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Tuesday, May 30, 2006

15 Minutes of Sound in Kyoto


On a rainy season-like Sunday in late May, I set out to find sound in Kyoto. It didn't take long.

Walking along Rokkaku Dori (street) just in from Karasuma Dori in the center of town, I entered Rokkaku-do Temple. It was founded by Prince Shotoku, and is where ikebana was born. As Kyoto temples go, it is decidedly B-class—and the adjoining Ikenobo Building, the Kyoto ikebana headquarters, which fronts Karasuma Dori, is among the worst of many horrible modern buildings in Kyoto. What drew me in though was a group of elderly pilgrims all in white. They were at the altar and began to chant.

From there, I walked out and up to the corner at Karasuma Dori. At noon on Sunday, it was bustling with people and cars. When the light changed, the normal chirping—to alert the blind that it is safe to cross—started up; in addition to that, moreover, there was another sound: a woman's soothing, mechanical voice: “The light is going to change to red. The light is red. This is the Karasuma-Rokkaku intersection.”

Rightists' Sound Bus Across the street there was a familiar black sound truck. It was emblazoned with the hinomaru flag and thick kanji—全日本友志会 (zen nihon yushi kai, or “All Japan Friendship Intent Society,” but that does not capture the menace that lurks behind those beautiful characters)—and was parked illegally. In front of it stood three thugs in para-military gear. They had the buzz cut favored by the Japanese right wing, and the vacant look of the converted. The two on the outside stood at attention, holding flags facing the Yomiuri Shinbun (newspaper) Building across the street. The man in the middle then began a loud amplified tirade about the spinelessness of Japanese foreign policy, the holiness of the Emperor, the horror of North Korea, how foreigners are ruining Japan—and at the end, before signing off, apologized for “causing trouble.” What was most remarkable was how soft-spoken and polite he was.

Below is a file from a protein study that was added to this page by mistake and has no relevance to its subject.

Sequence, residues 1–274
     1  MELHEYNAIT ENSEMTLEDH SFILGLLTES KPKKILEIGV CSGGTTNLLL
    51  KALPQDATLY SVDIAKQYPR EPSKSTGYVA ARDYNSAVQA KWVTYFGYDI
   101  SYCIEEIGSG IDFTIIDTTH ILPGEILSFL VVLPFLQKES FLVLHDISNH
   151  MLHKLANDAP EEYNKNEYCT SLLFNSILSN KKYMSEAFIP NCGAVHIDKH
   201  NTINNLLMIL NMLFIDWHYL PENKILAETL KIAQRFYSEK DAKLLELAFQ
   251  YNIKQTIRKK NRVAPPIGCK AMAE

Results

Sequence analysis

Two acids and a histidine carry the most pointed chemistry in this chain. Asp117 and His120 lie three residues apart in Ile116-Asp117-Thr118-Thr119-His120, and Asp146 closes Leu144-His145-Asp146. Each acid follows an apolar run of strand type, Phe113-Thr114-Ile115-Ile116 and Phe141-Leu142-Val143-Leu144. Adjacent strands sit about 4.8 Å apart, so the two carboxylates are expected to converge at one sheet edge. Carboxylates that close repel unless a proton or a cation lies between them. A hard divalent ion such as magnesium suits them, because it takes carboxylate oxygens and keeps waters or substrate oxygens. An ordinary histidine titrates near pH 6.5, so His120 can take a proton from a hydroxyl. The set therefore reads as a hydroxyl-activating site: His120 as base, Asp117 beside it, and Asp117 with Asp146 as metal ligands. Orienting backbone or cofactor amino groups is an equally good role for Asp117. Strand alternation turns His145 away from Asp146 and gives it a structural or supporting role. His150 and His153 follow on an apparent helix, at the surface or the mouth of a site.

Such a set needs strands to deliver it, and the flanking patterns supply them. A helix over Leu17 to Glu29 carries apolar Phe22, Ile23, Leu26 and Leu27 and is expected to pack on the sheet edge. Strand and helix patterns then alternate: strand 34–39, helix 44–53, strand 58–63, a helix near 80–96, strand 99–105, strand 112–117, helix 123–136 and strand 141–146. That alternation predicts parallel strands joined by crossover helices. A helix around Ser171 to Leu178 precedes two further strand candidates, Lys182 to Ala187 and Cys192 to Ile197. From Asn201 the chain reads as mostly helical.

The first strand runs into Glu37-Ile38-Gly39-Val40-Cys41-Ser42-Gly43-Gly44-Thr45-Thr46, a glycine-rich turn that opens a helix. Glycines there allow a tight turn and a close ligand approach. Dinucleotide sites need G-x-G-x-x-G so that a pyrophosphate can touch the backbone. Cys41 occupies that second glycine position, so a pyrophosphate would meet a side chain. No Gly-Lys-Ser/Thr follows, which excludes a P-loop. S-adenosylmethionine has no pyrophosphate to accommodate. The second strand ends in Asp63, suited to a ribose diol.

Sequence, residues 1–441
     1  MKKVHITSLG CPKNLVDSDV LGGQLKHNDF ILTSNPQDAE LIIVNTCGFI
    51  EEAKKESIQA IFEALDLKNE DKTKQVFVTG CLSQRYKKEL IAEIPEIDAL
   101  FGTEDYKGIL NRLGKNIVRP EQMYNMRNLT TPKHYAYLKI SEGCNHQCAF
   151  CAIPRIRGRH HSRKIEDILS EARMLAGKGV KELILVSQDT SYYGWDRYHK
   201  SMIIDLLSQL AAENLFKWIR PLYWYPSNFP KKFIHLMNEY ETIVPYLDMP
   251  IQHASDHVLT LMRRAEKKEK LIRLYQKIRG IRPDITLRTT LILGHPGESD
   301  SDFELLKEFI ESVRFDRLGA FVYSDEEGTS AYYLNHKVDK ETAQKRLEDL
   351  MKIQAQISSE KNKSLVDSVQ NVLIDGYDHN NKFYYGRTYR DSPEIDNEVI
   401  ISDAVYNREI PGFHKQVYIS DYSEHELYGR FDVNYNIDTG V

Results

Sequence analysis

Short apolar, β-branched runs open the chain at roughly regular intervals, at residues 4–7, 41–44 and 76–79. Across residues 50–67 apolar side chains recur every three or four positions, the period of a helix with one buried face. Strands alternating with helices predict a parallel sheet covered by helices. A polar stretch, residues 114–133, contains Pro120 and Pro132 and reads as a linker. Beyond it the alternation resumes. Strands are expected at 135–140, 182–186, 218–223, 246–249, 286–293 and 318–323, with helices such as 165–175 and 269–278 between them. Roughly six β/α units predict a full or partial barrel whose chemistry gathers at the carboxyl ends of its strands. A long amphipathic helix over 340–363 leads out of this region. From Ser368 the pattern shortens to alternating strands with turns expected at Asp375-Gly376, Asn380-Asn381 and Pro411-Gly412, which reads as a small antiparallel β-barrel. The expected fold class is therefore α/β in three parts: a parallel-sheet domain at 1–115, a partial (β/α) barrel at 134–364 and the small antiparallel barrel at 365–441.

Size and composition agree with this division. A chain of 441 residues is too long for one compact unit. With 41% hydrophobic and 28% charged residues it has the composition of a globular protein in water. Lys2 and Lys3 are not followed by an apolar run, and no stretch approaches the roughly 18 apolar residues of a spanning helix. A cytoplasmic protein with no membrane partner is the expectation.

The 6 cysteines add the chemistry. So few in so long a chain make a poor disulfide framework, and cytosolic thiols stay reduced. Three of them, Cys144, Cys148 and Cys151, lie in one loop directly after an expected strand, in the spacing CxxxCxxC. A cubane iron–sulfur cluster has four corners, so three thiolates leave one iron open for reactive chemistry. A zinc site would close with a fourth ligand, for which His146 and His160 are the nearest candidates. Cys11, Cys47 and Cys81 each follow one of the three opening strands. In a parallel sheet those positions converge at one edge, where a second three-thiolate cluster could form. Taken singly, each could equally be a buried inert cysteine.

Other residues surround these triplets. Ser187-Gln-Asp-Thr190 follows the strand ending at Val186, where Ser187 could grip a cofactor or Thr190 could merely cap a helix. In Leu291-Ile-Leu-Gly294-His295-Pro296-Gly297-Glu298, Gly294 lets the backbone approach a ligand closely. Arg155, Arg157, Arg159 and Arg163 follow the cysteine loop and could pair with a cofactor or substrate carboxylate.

With the exception of woman—no doubt a girlfriend—videotaping it from across the street, no one paid the group the least bit of attention. Not even a bored looking cop who rolled by in his patrol car.

Read impartial reviews of Japan travel books.

Yukio Mishima

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